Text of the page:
Story Highlights• Report does not discuss problematic countries by name
• Report says more U.S. cash is fighting drugs than terrorism
• Government Accountability Office interviewed FBI, other sources
• State Department, White House directives not being followed, report says
Adjust font size:
WASHINGTON (CNN) -- A just-released report slams the federal government for failing to coordinate the work of U.S. law enforcement agencies overseas to fight terrorism.
The Government Accountability Office found that in one country a lack of clarity about the roles and responsibilities of the FBI and the Immigration and Customs Enforcement agency may have compromised several investigations intended to identify and disrupt potential terrorist activities.
The GAO did not name the country in its report.
The White House has long issued directives asking that U.S. law enforcement agencies assist foreign nations' anti-terrorism efforts.
But the report finds that embassy and law enforcement officials told the GAO "they had received little or no guidance" on how to accomplish that.
The issue of roles and responsibilities "remains unresolved and is still subject to ongoing debates within the administration," it said.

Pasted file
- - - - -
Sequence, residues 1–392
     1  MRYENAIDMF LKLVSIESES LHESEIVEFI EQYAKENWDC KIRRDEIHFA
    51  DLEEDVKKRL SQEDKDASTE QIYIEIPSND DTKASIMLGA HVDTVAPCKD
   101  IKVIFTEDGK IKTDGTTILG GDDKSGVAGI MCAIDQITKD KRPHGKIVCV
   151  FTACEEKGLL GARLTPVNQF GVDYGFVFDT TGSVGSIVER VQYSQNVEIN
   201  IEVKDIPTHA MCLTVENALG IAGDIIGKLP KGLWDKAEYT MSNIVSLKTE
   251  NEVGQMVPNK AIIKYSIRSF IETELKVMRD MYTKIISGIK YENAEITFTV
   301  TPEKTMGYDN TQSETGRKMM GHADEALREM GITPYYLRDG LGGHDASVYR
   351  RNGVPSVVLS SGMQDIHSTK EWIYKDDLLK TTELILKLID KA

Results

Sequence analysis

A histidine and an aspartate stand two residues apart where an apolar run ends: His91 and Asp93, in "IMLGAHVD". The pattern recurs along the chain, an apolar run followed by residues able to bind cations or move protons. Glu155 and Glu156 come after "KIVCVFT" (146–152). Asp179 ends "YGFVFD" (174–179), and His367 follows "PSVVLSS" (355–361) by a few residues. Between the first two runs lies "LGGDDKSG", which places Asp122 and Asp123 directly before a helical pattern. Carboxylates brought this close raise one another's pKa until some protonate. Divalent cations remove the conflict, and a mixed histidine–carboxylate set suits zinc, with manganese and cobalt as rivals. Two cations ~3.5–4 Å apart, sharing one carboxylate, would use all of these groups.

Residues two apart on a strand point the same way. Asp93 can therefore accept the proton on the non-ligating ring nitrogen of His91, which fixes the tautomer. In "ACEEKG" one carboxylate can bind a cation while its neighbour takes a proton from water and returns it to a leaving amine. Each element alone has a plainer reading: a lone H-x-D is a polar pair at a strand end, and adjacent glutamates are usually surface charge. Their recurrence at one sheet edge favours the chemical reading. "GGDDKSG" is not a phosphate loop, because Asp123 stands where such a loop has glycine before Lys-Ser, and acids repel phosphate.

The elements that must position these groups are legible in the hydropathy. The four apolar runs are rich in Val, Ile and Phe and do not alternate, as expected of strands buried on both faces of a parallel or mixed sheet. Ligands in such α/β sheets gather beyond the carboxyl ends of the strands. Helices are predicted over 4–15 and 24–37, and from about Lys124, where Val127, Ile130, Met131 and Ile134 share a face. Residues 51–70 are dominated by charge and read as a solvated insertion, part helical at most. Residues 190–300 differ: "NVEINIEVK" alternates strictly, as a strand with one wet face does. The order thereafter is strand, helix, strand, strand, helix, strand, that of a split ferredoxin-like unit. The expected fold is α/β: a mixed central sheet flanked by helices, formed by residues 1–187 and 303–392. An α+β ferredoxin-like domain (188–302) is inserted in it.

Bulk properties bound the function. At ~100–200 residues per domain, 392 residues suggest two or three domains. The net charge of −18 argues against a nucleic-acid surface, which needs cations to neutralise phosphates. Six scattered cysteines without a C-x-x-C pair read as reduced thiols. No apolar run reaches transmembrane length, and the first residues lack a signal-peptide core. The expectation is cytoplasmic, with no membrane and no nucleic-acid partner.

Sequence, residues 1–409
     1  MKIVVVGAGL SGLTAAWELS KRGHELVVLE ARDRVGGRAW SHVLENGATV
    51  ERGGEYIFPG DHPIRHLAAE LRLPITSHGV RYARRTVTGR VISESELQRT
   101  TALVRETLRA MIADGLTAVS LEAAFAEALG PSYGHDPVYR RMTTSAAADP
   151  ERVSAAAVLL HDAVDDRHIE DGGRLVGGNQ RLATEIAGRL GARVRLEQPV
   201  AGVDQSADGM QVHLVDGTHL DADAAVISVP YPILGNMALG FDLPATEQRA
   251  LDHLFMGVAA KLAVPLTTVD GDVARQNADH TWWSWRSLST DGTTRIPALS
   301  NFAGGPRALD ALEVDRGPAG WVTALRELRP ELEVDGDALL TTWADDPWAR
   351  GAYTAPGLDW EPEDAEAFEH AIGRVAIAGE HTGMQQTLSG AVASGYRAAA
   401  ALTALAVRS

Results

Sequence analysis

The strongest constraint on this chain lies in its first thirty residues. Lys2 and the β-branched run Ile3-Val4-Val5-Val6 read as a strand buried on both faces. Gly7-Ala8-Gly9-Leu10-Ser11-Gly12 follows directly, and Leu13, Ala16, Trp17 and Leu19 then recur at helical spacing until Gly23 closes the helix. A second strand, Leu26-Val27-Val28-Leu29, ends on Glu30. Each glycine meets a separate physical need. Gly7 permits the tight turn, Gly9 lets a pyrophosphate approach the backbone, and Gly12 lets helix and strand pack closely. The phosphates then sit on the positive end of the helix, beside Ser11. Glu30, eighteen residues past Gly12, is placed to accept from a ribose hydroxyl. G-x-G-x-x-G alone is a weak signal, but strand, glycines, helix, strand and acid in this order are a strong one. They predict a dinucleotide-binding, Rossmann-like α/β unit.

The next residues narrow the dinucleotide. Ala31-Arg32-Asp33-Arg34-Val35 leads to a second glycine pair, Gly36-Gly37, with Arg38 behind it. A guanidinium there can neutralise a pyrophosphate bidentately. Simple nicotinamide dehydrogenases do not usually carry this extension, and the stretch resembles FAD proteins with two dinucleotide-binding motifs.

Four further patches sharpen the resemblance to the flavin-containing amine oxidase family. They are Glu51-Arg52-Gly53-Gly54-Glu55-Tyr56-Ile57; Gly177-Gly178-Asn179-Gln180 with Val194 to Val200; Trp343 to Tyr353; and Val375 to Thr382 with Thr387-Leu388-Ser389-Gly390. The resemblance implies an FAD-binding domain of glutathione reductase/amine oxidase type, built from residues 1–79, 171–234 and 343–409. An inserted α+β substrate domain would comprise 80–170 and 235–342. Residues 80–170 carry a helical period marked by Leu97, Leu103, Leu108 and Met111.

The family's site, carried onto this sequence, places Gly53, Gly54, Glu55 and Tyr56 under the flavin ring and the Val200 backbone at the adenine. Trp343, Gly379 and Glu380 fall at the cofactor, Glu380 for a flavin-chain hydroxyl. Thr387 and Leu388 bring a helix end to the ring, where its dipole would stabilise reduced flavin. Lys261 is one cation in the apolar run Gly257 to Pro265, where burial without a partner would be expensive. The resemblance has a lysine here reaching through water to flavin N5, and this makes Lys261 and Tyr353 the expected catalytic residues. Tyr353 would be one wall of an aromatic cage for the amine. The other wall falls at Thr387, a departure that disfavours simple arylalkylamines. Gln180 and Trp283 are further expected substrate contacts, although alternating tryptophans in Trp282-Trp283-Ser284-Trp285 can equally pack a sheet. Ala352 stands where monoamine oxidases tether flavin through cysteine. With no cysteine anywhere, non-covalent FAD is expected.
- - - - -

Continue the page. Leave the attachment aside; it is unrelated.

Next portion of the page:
The 2003 National Strategy for Combating Terrorism instructed the State Department to develop and coordinate U.S. counterterrorism policy abroad, but the report says that was not done.
The 2004 Intelligence Reform Act shifted that responsibility to the National Counterterrorism Center and, although a general plan has been drafted, it has not yet been implemented.
"As a result of these weaknesses, LEAs [law enforcement agencies], a key element of national power, are not being fully used abroad to protect U.S. citizens and interest from future terrorist attacks," the GAO concluded.
For national security reasons, the GAO did not name the four countries its investigators visited, describing them only as having "key roles in combating terrorism."
In all four there was more U.S. funding devoted to fighting drugs than to fighting terrorism, the report said
In one country, described as an "extremely high terrorist threat to American interests globally," the State Department provided six times more funding to stop illicit drugs and crime than it did for anti-terrorism assistance, the report said.
In another country, an embassy official said most training and assistance funding from the U.S. was dedicated to counter-narcotics efforts "even though drugs were no longer a strategic concern in that country."
Also, the report revealed that information about terrorists is not always shared or acted on.
Generally, embassies retain "pre-9/11 structures" for information-sharing and collaboration, the report said, and have not been reconfigured "in a collective effort to prevent another terrorist attack on the United States or its interests."
An "extremely high terrorist threat," nation had never been asked to try to identify or disrupt any of the terrorists on the most-wanted lists of the departments of State or Defense, or of the foreign nation itself, an FBI official told the GAO.
The agencies involved blamed these discrepancies on shortages in staffing and funding, according to the report.
One FBI agent told investigators that a nation considered a high risk for terrorism had never been instructed by the U.S. to disrupt those plots.